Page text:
CHICAGO --- The underlying disease process of amyotrophic lateral sclerosis (ALS and Lou Gehrig's disease), a fatal neurodegenerative disease that paralyzes its victims, has long eluded scientists and prevented development of effective therapies. Scientists weren't even sure all its forms actually converged into a common disease process.
But a new Northwestern Medicine study for the first time has identified a common cause of all forms of ALS.
The basis of the disorder is a broken down protein recycling system in the neurons of the spinal cord and the brain. Optimal functioning of the neurons relies on efficient recycling of the protein building blocks in the cells. In ALS, that recycling system is broken. The cell can't repair or maintain itself and becomes severely damaged.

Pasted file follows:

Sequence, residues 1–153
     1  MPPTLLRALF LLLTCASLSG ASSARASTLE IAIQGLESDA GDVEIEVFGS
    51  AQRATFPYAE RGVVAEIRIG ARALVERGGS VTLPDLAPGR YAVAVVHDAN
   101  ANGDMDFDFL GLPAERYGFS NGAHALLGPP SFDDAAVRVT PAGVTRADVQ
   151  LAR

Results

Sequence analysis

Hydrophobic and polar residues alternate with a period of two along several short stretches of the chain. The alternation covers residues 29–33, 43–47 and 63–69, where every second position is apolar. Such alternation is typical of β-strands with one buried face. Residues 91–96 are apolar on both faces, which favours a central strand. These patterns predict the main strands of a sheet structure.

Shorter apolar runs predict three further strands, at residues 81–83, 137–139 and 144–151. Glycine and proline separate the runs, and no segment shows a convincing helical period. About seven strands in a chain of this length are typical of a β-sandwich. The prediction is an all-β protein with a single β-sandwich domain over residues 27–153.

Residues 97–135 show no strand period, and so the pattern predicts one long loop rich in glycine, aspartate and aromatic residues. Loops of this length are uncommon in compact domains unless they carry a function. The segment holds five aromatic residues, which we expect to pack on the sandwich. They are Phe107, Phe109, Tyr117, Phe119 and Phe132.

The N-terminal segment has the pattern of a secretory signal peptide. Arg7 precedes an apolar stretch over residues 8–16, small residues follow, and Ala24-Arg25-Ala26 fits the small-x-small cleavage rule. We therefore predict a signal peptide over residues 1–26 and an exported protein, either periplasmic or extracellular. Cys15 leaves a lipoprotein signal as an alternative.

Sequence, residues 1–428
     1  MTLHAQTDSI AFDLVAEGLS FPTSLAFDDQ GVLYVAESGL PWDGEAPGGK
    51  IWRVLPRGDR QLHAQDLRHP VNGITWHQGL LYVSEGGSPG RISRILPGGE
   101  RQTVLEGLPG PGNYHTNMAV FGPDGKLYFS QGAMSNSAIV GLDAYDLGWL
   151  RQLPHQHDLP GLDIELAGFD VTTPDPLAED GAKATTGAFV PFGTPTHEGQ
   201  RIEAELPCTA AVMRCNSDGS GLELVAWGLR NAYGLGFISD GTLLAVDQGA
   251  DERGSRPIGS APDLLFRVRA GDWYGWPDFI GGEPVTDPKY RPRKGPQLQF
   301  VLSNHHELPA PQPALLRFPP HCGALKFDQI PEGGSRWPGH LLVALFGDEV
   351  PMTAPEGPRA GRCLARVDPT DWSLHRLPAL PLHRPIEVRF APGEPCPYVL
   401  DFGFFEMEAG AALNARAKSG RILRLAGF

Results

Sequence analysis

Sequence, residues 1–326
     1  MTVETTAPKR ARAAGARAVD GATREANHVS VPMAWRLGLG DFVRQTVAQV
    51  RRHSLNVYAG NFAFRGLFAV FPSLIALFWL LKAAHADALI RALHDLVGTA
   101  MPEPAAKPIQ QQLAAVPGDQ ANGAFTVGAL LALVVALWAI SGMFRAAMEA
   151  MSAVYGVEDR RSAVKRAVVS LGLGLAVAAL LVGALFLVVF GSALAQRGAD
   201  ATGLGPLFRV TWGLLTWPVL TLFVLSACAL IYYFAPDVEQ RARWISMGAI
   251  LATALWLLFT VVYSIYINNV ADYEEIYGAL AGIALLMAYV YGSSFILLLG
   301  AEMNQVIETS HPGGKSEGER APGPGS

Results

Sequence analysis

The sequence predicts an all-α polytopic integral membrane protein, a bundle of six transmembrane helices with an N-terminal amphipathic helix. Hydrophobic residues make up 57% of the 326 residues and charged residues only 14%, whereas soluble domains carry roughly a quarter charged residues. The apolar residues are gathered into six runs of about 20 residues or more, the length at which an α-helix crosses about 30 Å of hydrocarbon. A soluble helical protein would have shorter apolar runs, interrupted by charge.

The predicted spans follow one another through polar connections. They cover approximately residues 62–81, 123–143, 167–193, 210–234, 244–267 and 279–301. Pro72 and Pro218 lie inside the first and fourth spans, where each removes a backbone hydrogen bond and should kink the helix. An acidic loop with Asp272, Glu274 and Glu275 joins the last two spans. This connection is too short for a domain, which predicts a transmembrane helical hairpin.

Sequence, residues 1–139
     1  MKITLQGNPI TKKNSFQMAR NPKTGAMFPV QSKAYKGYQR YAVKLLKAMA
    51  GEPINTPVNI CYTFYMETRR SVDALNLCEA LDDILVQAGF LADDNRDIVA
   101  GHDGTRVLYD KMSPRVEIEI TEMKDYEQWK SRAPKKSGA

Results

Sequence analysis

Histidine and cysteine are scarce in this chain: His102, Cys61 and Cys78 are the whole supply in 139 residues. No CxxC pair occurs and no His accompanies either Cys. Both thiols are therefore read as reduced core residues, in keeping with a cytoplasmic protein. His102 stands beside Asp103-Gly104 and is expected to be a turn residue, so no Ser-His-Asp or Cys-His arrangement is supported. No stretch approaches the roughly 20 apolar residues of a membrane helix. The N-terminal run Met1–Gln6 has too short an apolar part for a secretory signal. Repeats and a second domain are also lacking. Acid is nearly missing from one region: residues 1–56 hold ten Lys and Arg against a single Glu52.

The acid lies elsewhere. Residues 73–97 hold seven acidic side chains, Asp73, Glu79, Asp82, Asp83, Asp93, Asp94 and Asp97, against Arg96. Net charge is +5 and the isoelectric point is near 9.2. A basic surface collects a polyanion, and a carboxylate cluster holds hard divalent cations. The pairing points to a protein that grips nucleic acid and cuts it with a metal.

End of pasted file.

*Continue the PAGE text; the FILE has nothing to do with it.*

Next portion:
The discovery by Northwestern University Feinberg School of Medicine researchers, published in the journal Nature, provides a common target for drug therapy and shows that all types of ALS are, indeed, tributaries, pouring into a common river of cellular incompetence.
"This opens up a whole new field for finding an effective treatment for ALS," said senior author Teepu Siddique, M.D., the Les Turner ALS Foundation/Herbert C. Wenske Professor of the Davee Department of Neurology and Clinical Neurosciences at Northwestern's Feinberg School and a neurologist at Northwestern Memorial Hospital. "We can now test for drugs that would regulate this protein pathway or optimize it, so it functions as it should in a normal state."
The discovery of the breakdown in protein recycling may also have a wider role in other neurodegenerative diseases, specifically the dementias. These include Alzheimer's disease and frontotemporal dementia as well as Parkinson's disease, all of which are characterized by aggregations of proteins, Siddique said. The removal of damaged or misfolded proteins is critical for optimal cell functioning, he noted.
|Contact: Marla Paul |